The fantastic fleet at Sonari aerodrome is a crowd-puller on Tuesday and (right) Ruchi Narendran, the better half of Tata Steel managing director TV Narendran, pays her respects to JRD Tata. Pictures by Bhola Prasad
The man who sat in the cockpit of Indian industry for decades had become India’s first licensed pilot way back in 1929.
No wonder, on the birth anniversary of JRD Tata, Bharat Ratna, Tata Sons chairman and civil aviation pioneer, visiting Sonari aerodrome has become a tradition in Jamshedpur over the years. On Tuesday, his 110th birth anniversary was celebrated at the airport with 20 working models of helicopters, quadcopters and aeroplanes as the main attraction.
Ruchi Narendran, social worker and wife of Tata Steel managing director T.V. Narendran, inaugurated the exhibition in front of an enthusiastic crowd, some 1,000 students among them.
The audience watched a spectacular static display of six aircraft and a show where members of Jamshedpur Aeromodelling Club and Aeromodelling Club of Calcutta presented their models run on electric batteries and methanol fuel.
The oldest aircraft in the static display was the yellow Pushpak MK1 made in 1965 with its single engine, wooden propeller and fabric covering.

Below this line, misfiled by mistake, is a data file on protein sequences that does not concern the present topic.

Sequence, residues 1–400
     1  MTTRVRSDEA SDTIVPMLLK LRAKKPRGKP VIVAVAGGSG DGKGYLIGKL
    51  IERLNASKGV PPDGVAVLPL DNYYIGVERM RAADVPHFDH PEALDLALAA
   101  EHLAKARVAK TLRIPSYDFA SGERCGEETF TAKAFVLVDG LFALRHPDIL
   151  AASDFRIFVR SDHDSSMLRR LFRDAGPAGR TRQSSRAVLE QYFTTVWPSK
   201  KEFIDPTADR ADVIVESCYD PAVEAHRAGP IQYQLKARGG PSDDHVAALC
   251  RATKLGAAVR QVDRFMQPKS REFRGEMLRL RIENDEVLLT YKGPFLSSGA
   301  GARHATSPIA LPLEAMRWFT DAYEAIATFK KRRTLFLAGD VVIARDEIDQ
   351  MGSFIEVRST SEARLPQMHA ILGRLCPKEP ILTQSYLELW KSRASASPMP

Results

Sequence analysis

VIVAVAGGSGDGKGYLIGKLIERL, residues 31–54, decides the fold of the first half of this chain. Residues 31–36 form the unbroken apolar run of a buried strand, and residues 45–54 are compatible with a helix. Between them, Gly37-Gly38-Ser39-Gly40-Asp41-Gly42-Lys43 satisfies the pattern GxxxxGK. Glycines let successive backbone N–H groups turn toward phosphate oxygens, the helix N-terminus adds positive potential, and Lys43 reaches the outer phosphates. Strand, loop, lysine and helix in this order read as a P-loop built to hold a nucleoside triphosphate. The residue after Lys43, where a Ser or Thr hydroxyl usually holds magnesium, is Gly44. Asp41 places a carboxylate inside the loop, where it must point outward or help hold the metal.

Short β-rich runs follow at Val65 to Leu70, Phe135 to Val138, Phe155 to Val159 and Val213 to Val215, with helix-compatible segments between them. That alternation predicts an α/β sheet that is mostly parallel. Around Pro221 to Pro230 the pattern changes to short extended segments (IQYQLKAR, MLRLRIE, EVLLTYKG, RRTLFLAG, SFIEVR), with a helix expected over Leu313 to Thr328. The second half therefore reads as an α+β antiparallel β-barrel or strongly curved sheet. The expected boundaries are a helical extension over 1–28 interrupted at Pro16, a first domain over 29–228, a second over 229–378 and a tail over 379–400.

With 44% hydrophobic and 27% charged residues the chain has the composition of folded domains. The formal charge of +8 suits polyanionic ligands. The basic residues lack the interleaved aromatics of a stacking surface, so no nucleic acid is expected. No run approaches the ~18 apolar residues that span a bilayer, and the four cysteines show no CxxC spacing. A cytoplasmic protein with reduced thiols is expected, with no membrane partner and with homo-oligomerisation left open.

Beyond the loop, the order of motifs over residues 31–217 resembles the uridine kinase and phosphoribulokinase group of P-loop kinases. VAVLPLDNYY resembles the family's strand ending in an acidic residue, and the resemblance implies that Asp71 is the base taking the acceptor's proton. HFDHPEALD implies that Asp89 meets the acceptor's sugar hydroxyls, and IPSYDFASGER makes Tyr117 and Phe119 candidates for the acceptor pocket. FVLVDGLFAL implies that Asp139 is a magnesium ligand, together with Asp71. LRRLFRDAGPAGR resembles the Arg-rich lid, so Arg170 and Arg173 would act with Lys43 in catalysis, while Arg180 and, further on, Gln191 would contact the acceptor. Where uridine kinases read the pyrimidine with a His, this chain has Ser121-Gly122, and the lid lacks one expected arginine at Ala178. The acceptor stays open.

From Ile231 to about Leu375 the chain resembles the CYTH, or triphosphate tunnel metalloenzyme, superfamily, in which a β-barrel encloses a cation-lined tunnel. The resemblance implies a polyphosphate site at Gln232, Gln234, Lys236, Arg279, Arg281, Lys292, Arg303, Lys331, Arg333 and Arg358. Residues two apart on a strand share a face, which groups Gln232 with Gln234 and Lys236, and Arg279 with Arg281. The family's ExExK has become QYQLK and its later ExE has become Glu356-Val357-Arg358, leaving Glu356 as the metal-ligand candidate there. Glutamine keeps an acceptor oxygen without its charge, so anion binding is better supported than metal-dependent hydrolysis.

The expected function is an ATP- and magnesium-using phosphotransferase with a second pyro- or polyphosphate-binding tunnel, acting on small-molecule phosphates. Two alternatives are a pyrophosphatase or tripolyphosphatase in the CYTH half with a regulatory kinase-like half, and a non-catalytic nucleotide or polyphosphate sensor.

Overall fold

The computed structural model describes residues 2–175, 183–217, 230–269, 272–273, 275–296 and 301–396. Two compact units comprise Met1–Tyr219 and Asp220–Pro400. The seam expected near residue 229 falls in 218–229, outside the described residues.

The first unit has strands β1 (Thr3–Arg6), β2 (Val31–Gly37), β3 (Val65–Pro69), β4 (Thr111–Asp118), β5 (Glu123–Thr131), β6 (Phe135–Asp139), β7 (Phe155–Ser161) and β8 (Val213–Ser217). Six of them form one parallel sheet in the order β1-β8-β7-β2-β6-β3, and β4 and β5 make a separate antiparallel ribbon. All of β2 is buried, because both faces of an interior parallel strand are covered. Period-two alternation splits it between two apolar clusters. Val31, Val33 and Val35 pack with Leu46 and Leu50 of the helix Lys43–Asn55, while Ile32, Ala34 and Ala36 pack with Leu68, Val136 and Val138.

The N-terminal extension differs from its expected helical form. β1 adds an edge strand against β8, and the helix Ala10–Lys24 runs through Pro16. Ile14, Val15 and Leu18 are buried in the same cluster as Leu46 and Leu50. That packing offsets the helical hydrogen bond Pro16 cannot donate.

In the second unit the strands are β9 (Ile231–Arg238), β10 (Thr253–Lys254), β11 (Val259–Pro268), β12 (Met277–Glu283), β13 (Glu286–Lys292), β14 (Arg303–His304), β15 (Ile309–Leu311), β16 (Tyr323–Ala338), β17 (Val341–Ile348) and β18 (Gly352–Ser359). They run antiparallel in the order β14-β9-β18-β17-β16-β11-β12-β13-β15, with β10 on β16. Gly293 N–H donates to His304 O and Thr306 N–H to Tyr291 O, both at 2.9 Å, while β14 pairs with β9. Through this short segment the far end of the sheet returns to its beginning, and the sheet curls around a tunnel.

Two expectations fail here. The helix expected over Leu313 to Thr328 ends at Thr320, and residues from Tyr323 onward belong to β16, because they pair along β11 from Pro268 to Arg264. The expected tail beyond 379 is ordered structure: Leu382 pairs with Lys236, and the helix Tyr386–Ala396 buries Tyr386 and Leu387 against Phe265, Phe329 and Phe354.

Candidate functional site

Most aero-models are either made of thermocol, lightweight balsa wood or fibre. Methanol and castor oil as planet-friendly fuel were a conscious choice. Batteries powered many aero-models.
“This is a tradition we look forward too. There is an inseparable connection between JRD Tata and aviation,” said B.K. Singh, secretary of Jamshedpur Aeromodelling Club.
“We love to display our aircraft here because there are so many visitors. One is made of thermocol and battery-operated, another one is made of balsa and runs on methanol,” said Arpam Bhadra, who came all the way from Calcutta.
An exhibition on the life and times of JRD Tata was also inaugurated at the airport.
Born on July 20, 1904, JRD or Jeh as he was fondly called by those who knew him, lived to be ripe old age of 89, playing a pivotal role in the country’s public life as an industrialist, philanthropist, passionate aviator and family planning pioneer.
In fact, in 1992, the year he received the Bharat Ratna, Tata also got the United Nations Population Award for initiating family planning programmes.
The day’s other events included sit-and-draw competitions, mother and child health check-up camps, a marathon and other such programmes.